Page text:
W3C home > Mailing lists > Public > public-rdf-wg@w3.org > October 2011

Graph labels vs. graph names. (was: Re: complete graphs)

From: Pat Hayes <phayes@ihmc.us>
Date: Wed, 5 Oct 2011 01:34:38 -0500
Cc: Ian Davis <Ian.Davis@talis.com>, RDF Working Group WG <public-rdf-wg@w3.org>, public-rdf-prov@w3.org
Message-Id: <976B3D9E-9323-42F4-B03B-FAFA89BE6A3C@ihmc.us>
To: Richard Cyganiak <richard@cyganiak.de>

On Oct 4, 2011, at 11:08 AM, Richard Cyganiak wrote:

> On 3 Oct 2011, at 03:59, Pat Hayes wrote:
>>> For example, :G1 below is a name for the graph containing triples that state that {:s1 :p1 :o1.} was published yesterday at <http://example.com/>.
>>> :G1 {
>>>   [] a :Publishing;
>>>      :date "2011-09-30"^^xsd:date;
>>>      :webAddress <http://example.com/>;
>>>      :triples :G2.
>>> }
>>> :G2 {
>>>   :s1 :p1 :o1.
>>> }
>> If G2 is only a "label" (or only a pseudo-name, ie not really denoting) then this does not work, because the use of G2 in the triple in G1 has to follow the RDF semantic rules, and it might not refer to the graph in that case.
> Let's look at two URIs in that graph: G2 and <http://example.com/>.
> As far as I can tell, RDF Semantics tells us nothing about the referents of either of these URIs, except that they're in a certain relationship to the blank node in the graph.

Indeed, which is why if we want to ensure that they do relate to something in particular (such as a graph label to the graph it labels), we should add this as a semantic condition.

> I take it you accept that <http://example.com/> denotes a particular web resource that exists out there in the world, external to our graph G1?

Assuming http-range-14, yes.

> Personally I find it easy to accept that :G2 denotes a particular named graph the exists in the same dataset, external to our graph G1.

Oh, I agree that is entirely reasonable. However, nothing in the specs actually state or require this, so it is technically invalid and certainly not something I would want to rely upon when writing software. Any reasoner which relied upon this would be incorrect.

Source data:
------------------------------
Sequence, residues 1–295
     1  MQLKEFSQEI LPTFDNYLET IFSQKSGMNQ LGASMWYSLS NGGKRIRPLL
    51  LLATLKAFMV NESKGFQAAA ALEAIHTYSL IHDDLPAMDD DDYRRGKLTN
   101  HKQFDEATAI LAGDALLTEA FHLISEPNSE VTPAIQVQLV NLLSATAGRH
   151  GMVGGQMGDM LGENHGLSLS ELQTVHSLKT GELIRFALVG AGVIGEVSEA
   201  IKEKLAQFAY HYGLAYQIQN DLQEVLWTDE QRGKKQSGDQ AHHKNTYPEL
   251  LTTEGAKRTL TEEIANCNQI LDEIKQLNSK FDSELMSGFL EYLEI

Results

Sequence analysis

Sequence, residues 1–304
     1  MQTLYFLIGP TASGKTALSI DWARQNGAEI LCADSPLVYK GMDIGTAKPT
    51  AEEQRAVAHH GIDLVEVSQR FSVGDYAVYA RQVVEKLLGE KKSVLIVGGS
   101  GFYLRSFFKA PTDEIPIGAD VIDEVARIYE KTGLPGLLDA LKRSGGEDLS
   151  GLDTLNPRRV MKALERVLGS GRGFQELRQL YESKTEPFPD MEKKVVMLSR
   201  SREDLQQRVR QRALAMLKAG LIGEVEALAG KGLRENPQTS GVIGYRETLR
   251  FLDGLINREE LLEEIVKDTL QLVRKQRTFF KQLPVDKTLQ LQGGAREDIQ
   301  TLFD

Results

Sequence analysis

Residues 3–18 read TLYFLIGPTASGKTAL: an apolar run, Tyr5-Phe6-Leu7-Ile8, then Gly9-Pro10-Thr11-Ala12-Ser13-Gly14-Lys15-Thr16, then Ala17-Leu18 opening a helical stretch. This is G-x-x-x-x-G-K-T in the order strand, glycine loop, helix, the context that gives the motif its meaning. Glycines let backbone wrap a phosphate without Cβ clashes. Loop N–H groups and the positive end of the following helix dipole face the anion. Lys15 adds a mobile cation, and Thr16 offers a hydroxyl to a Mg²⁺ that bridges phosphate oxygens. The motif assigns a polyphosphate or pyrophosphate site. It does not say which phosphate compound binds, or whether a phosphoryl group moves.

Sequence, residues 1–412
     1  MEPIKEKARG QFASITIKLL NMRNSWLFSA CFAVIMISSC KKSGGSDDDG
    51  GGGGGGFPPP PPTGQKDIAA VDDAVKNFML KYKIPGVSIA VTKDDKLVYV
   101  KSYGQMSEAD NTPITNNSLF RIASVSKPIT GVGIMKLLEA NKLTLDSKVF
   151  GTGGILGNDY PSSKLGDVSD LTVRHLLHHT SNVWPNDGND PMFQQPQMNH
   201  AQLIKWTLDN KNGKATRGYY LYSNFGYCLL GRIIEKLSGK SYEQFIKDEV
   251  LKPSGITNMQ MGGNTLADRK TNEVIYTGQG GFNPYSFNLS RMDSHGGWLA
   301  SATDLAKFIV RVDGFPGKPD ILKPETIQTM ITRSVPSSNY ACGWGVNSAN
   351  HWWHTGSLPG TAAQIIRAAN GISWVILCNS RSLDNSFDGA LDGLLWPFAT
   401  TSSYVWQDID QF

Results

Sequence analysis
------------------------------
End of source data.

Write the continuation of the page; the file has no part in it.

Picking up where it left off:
> I certainly don't see anything in RDF Semantics that contradicts this.

There is nothing that contradicts it, but there is also nothing that sanctions it as being correct. And since we have explicitly decided (as I believe we have) that the fourth IRI in a quad is not a 'name' for a graph in the sense that it is required to denote that graph, I take it that the use of G2: is a label in the second expression does *not* establish a naming or referential relationship between the URI and the graph. (If this is wrong, then of course I stand corrected and withdraw my point.)  Since RDF semantics does require that when that same URI is used in an RDF triple, it must be related to what it names by the standard denotation relationship, it follows that there can be no semantic requirement that the use of this URI inside the triple means the same thing as its use as a graph label. They might as well be two different URIs: in fact, your example with the first occurrence of  :G2 replaced by :G3 would be *exactly* identical in meaning, according the semantic model we have at present. As I am sure you will agree, there is nothing in the RDF semantics which prevents :G2 and :G3 from referring to the same entity. Of course, there is nothing to ensure that they do, either: it is, in fact, a complete crap-shoot; just as it is when you use the same name in contexts which are explicitly, normatively, stated to allow different meanings for occurrences of one and the same name. 


> Best,
> Richard

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Received on Wednesday, 5 October 2011 06:35:25 UTC

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